Jennifer Lopez and Maluma's 'Marry Me' Soundtrack: Review - Rolling Stone
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Jennifer Lopez and Maluma Have Real Musical Chemistry on the ‘Marry Me’ Soundtrack

J-Lo showcases her versatility, while Maluma succeeds without taking risks

(from left) Bastian (Maluma) and Kat Valdez (Jennifer Lopez) in Marry Me, directed by Kat Coiro.(from left) Bastian (Maluma) and Kat Valdez (Jennifer Lopez) in Marry Me, directed by Kat Coiro.

(from left) Bastian (Maluma) and Kat Valdez (Jennifer Lopez) in Marry Me

Barry Wetcher/Universal Pictures

Marry Me is a fun, gaudy rom-com with a fun, gaudy soundtrack, successfully tapping the distinct musical styles of the film’s co-stars, Jennifer Lopez and Maluma, who perform together and solo throughout the LP. As Lopez put it to Billboard, “You can’t have a movie about two pop stars who are performing and not have a soundtrack.” And the Latin stars deliver with a 12-track LP filled with pop ballads, club-ready bangers, and a handful of reggaeton would-be hits.

Staying true to the movie’s nuptial theme, the soundtrack opens with an electric-guitar rendition of “Here Comes the Bride,” before delving into the title track, the earworm Maluma-J.Lo duet “Marry Me.” Like most of the songs on the album, the track is lyrically repetitive (“True love gotta ring, ring, ring/Church bells goin’ ring, ring, ring/You’re the queen, I’ll be the king, king, king”), but Lopez’s sugary vocals and the song’s cinematic production make it work. The ballad version of the song, on the other hand, falls flat.

In 2020, Lopez and Maluma’s sexy, all-Spanish single, “Pa’ Ti’,” gave fans the first taste of what the stars had to offer as a duo. That track is reprised here, capturing Lopez and Maluma’s onscreen chemistry perfectly and serving as one of the LP’s best moments. “Todo lo que tengo es pa’ ti, pa’ ti/Pase lo que pase estoy pa’ ti, pa’ ti,” they sing in the chorus. (In English: “Everything I have is for you, for you/Whatever happens, I’m for you, for you.”)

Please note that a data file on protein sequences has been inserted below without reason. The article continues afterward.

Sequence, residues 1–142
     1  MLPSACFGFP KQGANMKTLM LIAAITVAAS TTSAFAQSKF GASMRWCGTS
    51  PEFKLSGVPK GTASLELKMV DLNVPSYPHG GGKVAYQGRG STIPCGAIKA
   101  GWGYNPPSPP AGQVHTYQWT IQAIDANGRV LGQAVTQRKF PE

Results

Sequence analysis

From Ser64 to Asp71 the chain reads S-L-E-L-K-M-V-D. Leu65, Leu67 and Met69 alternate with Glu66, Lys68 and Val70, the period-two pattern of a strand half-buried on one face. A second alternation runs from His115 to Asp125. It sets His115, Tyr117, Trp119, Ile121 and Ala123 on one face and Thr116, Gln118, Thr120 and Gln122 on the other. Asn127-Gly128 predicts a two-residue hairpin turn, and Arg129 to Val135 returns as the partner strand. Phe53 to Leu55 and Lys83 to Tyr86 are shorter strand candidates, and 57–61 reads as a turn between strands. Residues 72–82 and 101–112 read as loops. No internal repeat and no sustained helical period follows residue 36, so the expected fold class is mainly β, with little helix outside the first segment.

When singing solo, Maluma shines brightest on the slower “Segundo” and the more danceable cheater’s lament “Uno en Un Millón,” two reggaeton songs he co-wrote with his go-to producer Edgar Barrera shortly after he was cast for the film. Both tracks feel to be very much in the Colombian heartthrob’s wheelhouse.

Along with the piano-backed “On My Way,” which Lopez performed on several awards shows to promote the film, her best comes on “After Love Part 1,” the reggaeton-backed “Nobody’s Watching,” and the quintessential J.Lo track “Love of My Life.” “After Love” opens stripped down, with an acoustic guitar, before crescendoing into a club-ready banger. “I believe in love, even if it wasn’t meant for us,” she sings on the track. Despite its cheesy lyrics, meant to match the rom-com, “Love of My Life” showcases the singer’s powerhouse vocals, while the playful “Nobody’s Watching” seems made ready for radio. 

Though lyrically shallow, and unsurprisingly so, the LP aids Marry Mes storyline with its themes of longing, love-building, and deception. Maluma doesn’t take many risks, but he still delivers when he sticks to his known reggaeton tricks. For her part, Lopez owns the album’s ballads and bops — flashing her musical prowess and versatility at every turn. 

In This Article: album review, Jennifer Lopez, Maluma


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